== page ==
Learn which crazy culinary creations were Adam Richman's favorites on Fandemonium and for what he is a super fan.
Richman visited Memphis, Tennessee for the World Barbecue Cooking Championships and actually uncovered a couple great barbecue tricks from the competitors. "I spoke to members of the team that actually had the winning ribs a few years ago," explains Richman. "They actually steamed the ribs with apple and pineapple juice, and threw whole onions and bulbs of garlic into the smoker and burned them right along with the wood. [These are] two great but simple tricks."
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The Danish National Barbecue Team prepared an usual dish that even shocked Richman. The team "turn[ed] out restaurant-quality dishes using only grills and smokers," he explains. "They even found a way to do smoked cream cheese, [which] they actually served inside a terra-cotta pot with crumbled, toasted bread as dirt and vegetables so it looked like a potted plant."
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The most unusual food food Richman encountered on Fandemonium was "easily moose nose," he says. "I don't want to malign it because I know it's a delicacy in some cultures, but it's not what I would call 'tasty' or 'delicious' or 'something I would ever eat again.'"
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Still, the most shocking thing Richman found on the road wasn't in the form of food. "I think for me, the most surprising aspect of fan culture that I discovered was that regardless of what these people were fans of, regardless of what part of the country they hailed from, or what they did for a job, they never thought twice about spending unbelievable amounts of money and time to create the ultimate celebration," he explains. "People start planning for next year's event the minute this year's ends."
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Food and drink are intrinsically tied in with big events and parties. "When people celebrate, they eat, drink and rejoice," says Richman. "Plus, the social environments that these events create, outside of the event itself, tend to be much more 'kick up your heels and get a little bit crazy,' [and] with good drinks often comes good food."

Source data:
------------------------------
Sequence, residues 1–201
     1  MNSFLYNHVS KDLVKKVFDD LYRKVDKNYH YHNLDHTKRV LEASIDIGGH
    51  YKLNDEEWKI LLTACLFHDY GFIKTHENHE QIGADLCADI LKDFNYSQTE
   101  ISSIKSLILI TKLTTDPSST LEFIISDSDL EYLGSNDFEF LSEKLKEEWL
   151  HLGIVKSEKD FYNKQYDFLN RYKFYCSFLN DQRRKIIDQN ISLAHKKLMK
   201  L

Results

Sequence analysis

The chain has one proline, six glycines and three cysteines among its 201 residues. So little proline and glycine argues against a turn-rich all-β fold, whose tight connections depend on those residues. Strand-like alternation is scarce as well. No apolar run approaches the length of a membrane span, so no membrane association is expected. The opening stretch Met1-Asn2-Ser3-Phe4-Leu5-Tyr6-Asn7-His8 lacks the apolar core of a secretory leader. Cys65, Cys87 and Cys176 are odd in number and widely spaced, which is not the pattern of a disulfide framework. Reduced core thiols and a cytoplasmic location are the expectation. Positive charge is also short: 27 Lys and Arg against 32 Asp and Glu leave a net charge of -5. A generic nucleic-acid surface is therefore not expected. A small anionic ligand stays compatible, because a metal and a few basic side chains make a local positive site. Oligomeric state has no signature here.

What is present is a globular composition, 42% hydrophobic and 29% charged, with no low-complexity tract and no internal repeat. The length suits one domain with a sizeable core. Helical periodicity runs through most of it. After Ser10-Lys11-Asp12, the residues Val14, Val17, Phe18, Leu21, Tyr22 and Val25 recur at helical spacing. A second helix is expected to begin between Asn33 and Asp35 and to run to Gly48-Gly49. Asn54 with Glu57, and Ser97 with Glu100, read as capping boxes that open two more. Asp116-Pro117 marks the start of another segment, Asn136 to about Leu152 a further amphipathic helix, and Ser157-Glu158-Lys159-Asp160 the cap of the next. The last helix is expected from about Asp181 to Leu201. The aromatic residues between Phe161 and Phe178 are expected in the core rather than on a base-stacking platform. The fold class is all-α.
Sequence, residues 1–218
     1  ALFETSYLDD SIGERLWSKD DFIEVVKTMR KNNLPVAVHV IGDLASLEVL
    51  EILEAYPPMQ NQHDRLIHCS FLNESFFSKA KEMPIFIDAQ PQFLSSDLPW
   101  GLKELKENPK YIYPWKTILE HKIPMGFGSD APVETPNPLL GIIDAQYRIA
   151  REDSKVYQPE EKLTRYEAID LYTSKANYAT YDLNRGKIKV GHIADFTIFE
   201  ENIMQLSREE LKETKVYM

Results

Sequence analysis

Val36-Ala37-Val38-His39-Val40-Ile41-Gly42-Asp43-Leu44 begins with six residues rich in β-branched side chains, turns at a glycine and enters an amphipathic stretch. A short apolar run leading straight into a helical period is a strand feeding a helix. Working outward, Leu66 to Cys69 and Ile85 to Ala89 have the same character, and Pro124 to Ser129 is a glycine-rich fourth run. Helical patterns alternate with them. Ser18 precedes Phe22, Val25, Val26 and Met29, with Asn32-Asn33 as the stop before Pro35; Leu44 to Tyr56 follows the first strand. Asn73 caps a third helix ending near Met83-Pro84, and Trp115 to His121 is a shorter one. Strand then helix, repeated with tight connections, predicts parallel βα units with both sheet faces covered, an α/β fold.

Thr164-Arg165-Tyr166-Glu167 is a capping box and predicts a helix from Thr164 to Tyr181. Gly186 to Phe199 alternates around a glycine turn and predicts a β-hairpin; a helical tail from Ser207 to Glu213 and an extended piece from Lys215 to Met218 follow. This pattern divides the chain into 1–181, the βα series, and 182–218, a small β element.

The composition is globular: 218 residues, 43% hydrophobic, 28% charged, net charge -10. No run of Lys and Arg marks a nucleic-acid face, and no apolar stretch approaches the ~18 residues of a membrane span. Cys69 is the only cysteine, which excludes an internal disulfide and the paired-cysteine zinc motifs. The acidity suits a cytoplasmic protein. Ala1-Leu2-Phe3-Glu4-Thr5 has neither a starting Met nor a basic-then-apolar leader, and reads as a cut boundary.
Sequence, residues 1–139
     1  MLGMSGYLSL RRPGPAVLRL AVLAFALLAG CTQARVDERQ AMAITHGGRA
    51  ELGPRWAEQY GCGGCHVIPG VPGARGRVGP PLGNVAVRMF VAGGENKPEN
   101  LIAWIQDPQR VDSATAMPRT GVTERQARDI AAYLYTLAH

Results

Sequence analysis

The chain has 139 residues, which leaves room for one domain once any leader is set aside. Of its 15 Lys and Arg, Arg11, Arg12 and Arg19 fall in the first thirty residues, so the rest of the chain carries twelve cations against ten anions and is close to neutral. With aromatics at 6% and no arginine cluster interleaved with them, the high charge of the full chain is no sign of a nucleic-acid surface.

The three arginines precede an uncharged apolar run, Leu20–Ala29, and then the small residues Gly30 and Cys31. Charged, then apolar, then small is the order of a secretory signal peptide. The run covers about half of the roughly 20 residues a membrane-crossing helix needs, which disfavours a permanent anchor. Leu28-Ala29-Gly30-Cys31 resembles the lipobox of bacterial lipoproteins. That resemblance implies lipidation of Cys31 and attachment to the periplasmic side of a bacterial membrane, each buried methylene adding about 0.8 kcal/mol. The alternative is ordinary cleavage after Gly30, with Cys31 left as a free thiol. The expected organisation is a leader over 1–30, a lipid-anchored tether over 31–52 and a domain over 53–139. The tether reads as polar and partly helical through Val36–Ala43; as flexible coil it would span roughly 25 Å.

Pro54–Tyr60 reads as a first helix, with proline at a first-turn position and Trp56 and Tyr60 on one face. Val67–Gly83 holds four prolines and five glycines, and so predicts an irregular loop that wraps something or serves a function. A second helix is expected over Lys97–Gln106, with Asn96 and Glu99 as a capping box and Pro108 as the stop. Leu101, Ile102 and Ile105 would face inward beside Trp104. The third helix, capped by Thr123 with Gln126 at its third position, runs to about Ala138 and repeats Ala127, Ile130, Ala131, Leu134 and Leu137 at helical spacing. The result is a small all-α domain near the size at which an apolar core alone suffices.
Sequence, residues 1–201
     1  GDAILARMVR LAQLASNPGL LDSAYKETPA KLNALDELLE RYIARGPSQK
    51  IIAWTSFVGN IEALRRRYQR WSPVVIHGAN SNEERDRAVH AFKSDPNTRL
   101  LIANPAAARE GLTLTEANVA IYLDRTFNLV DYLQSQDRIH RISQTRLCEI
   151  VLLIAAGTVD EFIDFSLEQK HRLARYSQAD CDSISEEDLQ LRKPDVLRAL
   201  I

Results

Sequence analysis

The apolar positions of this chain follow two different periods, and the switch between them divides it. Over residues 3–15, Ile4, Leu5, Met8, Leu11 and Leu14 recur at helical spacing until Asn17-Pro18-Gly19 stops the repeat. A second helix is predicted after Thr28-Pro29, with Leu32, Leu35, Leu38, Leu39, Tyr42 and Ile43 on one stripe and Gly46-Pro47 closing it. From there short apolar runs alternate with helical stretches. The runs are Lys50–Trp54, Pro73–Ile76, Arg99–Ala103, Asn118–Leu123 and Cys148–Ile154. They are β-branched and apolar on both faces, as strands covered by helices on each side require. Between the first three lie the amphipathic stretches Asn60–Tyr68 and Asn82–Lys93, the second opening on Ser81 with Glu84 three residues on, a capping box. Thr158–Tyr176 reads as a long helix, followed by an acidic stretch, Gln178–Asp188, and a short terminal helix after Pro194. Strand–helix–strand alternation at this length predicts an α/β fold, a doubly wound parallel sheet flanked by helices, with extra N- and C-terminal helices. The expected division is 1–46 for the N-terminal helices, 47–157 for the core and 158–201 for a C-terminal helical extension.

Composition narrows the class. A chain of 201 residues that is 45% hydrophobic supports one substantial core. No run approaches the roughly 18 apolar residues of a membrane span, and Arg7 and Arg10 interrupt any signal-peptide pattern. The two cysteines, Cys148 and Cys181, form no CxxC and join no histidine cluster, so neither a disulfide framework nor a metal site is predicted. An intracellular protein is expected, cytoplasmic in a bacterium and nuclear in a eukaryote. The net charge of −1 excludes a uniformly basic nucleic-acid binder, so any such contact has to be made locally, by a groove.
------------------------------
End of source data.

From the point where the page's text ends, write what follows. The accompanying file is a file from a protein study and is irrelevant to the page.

There is also a component of pride when it comes to these events that makes them so food-centric. "Since most of these events also have a significant amount of regional pride attached to them, whatever the most iconic dishes for that region are will be served in great abundance."
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Richman has different criteria with which he judges the craziest fans he met during filming. "Honestly, I saw passion everywhere," he admits. "In terms of people just raging and seeing just how far they can push themselves, that would have to be either the Kentucky Derby festivities that lead up to the Derby itself or the infield at Daytona."
On the other hand, "in terms of sheer imagination, I would have to say the fans of the Renaissance Festival. In terms of sheer financial expenditure, I would probably be torn between the motorcycle enthusiasts at Laconia bike week and some of the more elaborate campers at Indianapolis or Daytona. In terms of carrying on tradition, the Milwaukee Brewers' fans (bearing in mind their franchise only dates back to 1970) are impassioned keepers of Brewers history and folklore."
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Richman met so many fans during his new show, but what is he a super fan of?
"I'm a pretty big New York Yankees fan," he notes. "Recently, while in Boston, I walked around in my Yankees cap asking people if they liked my hat. Crazy, yes and probably more than a little stupid."
Adam Richman has always been curious. He has long pondered food stories and histories, from why marinara is named for fishermen, even though there is no fish in it, to why "chicken mull" is only made within a 20 mile radius of a town in North Carolina.
He recalls, "I once saw a culinary anthropologist on a program on public television. As someone who has a background in political science, history and sociology, I loved the idea that food could be much more than nourishment or sustenance. It could be part of the story of a people or a subset within them. A dish, a crop, a particular type of fowl, fish or livestock could be [not just] something that we consume, but rather part of the double helix that makes up the DNA and cultural DNA of a people."
With this in mind, Richman writes about these food histories in his book, America the Edible and now takes on a new genre of food stories in his new show, Fandemonium. On Fandemonium, the culinary culture of fans differ around the country from event to event. Richman tells the food stories of some of America's biggest super fans and explores the lengths to which the fans go to celebrate at their event of choice.
Check out the slideshow above to learn about the crazy culinary creations Richman encountered on the show.